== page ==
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December 22, 2022
Nippon Telegraph and Telephone Corporation
Japan Science and Technology Agency (JST)
Nippon Telegraph and Telephone Corporation (NTT, Head office: Chiyoda-ku Tokyo; President & CEO: Akira Shimada) and the National Institute of Advanced Industrial Science and Technology (AIST) have realized a novel technique for the detection of parasitic defects in superconducting qubits. Superconducting qubits*1 are among the most promising hardware platforms for building a quantum computer, but the realization of a full-scale fault-tolerant quantum computer remains a challenging task due to limited lifetimes of the superconducting qubits. One of the major noise mechanisms limiting the qubit lifetimes is due to unwanted two-level-system (TLS) defects*3 in superconducting qubits. Therefore, investigation and mitigation of noise contributions from TLS defects are crucial for the further improvement of superconducting quantum processors.
In this work, NTT and AIST introduce a novel method of defect spectroscopy in superconducting qubits that allows one to distinguish different types of TLS defects. The reported method will become a valuable diagnostic tool for quantifying TLS defects and finding optimal techniques and materials for the fabrication of defect-free superconducting qubits.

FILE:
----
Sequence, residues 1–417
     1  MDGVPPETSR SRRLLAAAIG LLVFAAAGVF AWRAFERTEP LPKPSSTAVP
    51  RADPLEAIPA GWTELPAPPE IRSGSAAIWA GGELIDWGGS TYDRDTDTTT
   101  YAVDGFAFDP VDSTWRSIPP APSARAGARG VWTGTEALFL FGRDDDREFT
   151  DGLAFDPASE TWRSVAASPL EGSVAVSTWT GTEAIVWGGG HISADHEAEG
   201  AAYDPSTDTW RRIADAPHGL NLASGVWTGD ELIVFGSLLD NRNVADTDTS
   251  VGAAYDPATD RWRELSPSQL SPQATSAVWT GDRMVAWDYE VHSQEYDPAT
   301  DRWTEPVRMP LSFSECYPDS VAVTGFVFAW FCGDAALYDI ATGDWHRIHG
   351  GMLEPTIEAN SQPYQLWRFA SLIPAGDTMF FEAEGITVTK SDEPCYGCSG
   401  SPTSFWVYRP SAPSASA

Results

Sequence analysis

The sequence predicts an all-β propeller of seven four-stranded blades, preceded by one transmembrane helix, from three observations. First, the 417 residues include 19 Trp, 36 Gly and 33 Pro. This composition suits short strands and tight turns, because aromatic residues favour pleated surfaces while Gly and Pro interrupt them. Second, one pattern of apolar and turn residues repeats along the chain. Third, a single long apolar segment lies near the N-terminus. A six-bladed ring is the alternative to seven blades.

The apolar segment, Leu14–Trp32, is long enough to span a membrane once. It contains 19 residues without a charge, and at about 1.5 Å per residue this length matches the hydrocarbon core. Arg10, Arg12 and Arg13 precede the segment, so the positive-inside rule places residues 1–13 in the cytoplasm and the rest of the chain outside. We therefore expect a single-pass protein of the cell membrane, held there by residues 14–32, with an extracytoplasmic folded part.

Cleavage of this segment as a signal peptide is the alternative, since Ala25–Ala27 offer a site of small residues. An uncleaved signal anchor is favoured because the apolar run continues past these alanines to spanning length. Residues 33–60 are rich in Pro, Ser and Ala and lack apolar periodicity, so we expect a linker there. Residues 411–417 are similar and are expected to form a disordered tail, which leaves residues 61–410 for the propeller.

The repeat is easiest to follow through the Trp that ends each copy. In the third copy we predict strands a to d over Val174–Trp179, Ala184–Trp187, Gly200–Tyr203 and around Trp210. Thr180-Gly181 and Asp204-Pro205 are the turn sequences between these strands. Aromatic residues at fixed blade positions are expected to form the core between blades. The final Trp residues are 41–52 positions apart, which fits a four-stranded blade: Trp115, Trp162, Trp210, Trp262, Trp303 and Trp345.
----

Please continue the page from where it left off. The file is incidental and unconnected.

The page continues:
This research was reported in the American journal PRX Quantum on December 21, 2022. This work was partially supported by JST CREST (JPMJCR1774) and JST Moonshot R&D (JPMJMS2067).
The performance of conventional computers is expected to reach its physical limits in the near future, and scientists around the world actively explore new ways of computing. Quantum computation is an emerging computing paradigm which is based on well-studied, but not yet fully exploited quantum phenomena such as quantum superposition and entanglement. The key building block of a quantum computer is a qubit – a computing element that can store quantum information – and the mainstream technology of quantum computing is based on superconducting qubits where quantum information is encoded in quantum states of superconducting electric circuits.
Despite the impressive progress in building modest-scale superconducting qubit systems in recent years, realization of a universal quantum computer is still a very challenging task. The major obstacle is the rapid loss of quantum information due to the interaction between a qubit and a noisy environment.
One of the main noise sources in superconducting qubits are atomic-scale parasitic defects which are located inside oxide layers formed on the top of superconducting materials. In our work we introduce a novel microwave technique that allows one to identify the type of a parasitic defect. The presented approach complements methods for the characterization of other types of noises in superconducting qubits, enabling further improvement in the performance of superconducting quantum processors.